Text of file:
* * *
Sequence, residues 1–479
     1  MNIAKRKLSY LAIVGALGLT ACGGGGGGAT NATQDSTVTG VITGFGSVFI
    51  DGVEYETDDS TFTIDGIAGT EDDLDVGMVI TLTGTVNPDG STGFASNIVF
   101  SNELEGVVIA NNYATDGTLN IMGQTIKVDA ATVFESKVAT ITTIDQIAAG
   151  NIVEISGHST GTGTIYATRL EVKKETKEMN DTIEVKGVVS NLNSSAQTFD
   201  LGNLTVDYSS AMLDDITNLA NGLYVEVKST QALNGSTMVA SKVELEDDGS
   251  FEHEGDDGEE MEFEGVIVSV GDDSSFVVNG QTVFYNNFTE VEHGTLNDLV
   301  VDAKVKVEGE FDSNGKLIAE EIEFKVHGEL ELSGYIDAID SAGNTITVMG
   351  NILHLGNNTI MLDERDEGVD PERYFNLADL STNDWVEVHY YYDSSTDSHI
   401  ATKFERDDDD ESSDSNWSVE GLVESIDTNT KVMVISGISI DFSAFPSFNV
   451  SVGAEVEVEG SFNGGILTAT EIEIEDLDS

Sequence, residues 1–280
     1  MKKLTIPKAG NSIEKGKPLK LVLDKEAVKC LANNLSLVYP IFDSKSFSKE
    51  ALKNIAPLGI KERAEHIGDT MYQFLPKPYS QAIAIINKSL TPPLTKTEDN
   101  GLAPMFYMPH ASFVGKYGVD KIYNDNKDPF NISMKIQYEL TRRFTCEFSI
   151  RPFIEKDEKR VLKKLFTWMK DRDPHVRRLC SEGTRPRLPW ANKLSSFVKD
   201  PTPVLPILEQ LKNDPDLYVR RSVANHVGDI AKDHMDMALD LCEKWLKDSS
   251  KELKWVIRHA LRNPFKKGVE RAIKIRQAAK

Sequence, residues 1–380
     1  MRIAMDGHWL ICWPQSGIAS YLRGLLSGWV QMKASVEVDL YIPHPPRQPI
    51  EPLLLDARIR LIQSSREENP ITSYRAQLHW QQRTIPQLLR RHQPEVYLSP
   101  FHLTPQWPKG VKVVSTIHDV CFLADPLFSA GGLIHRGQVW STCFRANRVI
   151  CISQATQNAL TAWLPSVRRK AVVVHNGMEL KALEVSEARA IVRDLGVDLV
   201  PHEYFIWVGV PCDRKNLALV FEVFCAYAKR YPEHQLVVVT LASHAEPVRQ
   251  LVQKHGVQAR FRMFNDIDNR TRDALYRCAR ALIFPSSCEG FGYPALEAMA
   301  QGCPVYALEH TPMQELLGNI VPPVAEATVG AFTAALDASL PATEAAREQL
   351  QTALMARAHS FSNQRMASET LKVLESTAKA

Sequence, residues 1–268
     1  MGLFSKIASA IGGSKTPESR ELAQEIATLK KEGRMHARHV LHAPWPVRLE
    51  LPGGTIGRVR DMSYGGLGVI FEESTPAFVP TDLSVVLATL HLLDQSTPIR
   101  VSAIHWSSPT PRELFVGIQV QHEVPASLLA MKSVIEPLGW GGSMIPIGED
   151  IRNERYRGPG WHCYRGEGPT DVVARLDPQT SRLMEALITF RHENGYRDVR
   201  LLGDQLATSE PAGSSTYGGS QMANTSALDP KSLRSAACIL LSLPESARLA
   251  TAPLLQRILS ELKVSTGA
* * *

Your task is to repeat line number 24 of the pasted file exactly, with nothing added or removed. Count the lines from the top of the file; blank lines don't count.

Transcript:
   201  PHEYFIWVGV PCDRKNLALV FEVFCAYAKR YPEHQLVVVT LASHAEPVRQ